Once out onto the open field I gained the mud sludge track via a gate and walked back toward the car. It was now 2.00pm and the first two hills and their respective surveys had taken four hours. I crossed the road and continued on the green track, now more of a path which was adjacent to a hedge with a tarmacked road beyond leading to a house on my right. I was now close to where the critical col for Cwm Sanaham Hill is positioned. The land immediately ahead looked quite flat, with hedgerows consisting of overhanging trees on the enclosed path and ground to my left which was scrub made up of small trees and bracken. I reached a point where standing water continued from the path through the adjacent fence and onto the scrub land, this looked as if it indicated where the critical col is placed. Making a mental note of the position for my return journey I continued on the path and then up through the lower mud splattered field to higher and dryer fields giving access to the high point of Cwm Sanaham Hill.
The higher fields were now bathed by a lowering sun that cast rich colours and lengthy shadows. I walked through one field full of horses that came toward me inquisitively; the next field brought me out by an old barn and another slime laden bog. As I circumvented the bog a Red Kite flew across the outline of the hill and glided past in a southerly direction.
The grassed summit ridge of Cwm Sanaham Hill is crowned by a trig pillar on its southern periphery which has no height given to its flush bracket in the OS Trig Database. However, whilst compiling The Fours we found an old 1,343ft (409.4m) height on the Ordnance Survey New Popular One-Inch map which complimented the height on the larger scaled 1:10,560 map; this height elevated the hill’s drop to 98m. It’ll be interesting to find what the Trimble made of its summit and col height as with only another two metres of prominence the hill would become the latest addition to the HuMPs.
I assessed the ground leading upto the trig and decided that there were two possibilities for the high point, neither of them beside the trig. One being approximately 14 metres from the trig and the other further away from it next to a fence corner, both positions were Trimbled.
|Gathering data at the first of the two possible summit positions on Cwm Sanaham Hill|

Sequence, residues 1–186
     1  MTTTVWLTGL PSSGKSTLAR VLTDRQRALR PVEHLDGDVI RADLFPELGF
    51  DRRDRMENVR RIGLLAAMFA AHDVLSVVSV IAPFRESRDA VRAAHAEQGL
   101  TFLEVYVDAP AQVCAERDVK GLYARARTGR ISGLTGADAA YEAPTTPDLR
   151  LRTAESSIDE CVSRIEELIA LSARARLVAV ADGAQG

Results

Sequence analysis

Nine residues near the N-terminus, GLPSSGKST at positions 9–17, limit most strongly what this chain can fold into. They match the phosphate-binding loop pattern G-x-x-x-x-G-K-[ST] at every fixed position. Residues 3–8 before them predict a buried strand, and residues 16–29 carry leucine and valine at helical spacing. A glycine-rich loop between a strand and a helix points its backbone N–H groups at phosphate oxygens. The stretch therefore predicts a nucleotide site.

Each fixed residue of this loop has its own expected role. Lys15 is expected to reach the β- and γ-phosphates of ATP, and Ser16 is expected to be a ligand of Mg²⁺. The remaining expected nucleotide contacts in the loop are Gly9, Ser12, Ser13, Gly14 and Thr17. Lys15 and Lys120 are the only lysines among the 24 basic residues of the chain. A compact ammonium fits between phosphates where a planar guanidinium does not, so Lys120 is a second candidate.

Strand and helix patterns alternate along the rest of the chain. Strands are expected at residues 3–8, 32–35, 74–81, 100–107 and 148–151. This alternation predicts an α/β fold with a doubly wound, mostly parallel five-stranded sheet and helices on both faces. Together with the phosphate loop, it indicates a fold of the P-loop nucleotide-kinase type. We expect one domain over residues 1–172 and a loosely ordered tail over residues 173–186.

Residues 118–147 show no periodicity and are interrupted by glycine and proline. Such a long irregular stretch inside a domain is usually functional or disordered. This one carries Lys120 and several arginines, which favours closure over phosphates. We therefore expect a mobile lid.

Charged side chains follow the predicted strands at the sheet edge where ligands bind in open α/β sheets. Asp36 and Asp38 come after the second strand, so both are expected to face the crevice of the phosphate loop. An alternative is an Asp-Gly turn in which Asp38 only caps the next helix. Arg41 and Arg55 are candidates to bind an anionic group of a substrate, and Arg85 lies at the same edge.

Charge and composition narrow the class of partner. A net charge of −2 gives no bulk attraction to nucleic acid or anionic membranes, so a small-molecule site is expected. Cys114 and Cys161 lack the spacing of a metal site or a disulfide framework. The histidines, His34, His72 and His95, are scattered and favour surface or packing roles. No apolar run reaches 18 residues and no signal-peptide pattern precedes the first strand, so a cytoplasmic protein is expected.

|Gathering data at the second of the two possible summit positions on Cwm Sanaham Hill|
|Gathering data at the col of Cwm Sanaham Hill|
When I arrived I parked on the track, grabbed all necessary gear and walked the few metres up the narrow road to look at the col. It was one of the easiest I’ve had to judge since getting the Trimble, but unfortunately all land from the valley and the hill directions led me to the conclusion that the critical col for Stow Hill is placed in the centre of the narrow road. I had hoped that if this was so that a placement on an adjacent grass verge would suffice, but the sides of each were raised above the road. So taking the Trimble’s life in hand I set it up in the centre of the road and hoped that no vehicles would come this way for the next five to ten minutes.
Once logging data I decided to keep on the western side of the Trimble as from this side the road made its way toward the col around a slight corner and if any vehicle approached from this direction I wouldn’t have much time to either stop it or grab the Trimble, whereas on the eastern side the road climbed steeply up toward the col and therefore I may have time to grab it before its strength was tested against another car.
Two minutes into data collection and I heard the sound of a car which came from the western side of the col, as it approached I flagged it down and quickly explained what I was doing and asked if they would mind waiting about three minutes until it had done its stuff. They kindly said that this was no problem and waited, this meant I could run past the Trimble and stand on its eastern side and stop any vehicle approaching from that direction, thankfully none did and once five minutes of data were collected I packed the Trimble away, thanked the occupants of the car and explained in more detail what the Trimble did and possibly more relevant; the reasoning why.
|Living dangerously - the Trimble gathering data in the middle of the road at the critical col of Stow Hill|
Summit Height: 402.7m (converted to OSGM15) (Four status confirmed)
Summit Grid Reference: SO 30903 75743
Col Height: 347.1m (converted to OSGM15)
Col Grid Reference: SO 29798 75086
Drop: 55.6mDominance: 13.80%
Summit Height: 434.3m (converted to OSGM15)
Summit Grid Reference: SO 31758 74527
Col Height: 299.1m (converted to OSGM15)
Col Grid Reference: SO 26949 76843
Drop: 135.2mDominance: 31.13%
Cwm Sanaham Hill
Summit Height: 409.1m (converted to OSGM15)
Summit Grid Reference: SO 27080 75511
Col Height: 310.0m (converted to OSGM15)
Col Grid Reference: SO 28522 75426
Drop: 99.1m (Subhump status confirmed)Dominance: 24.23%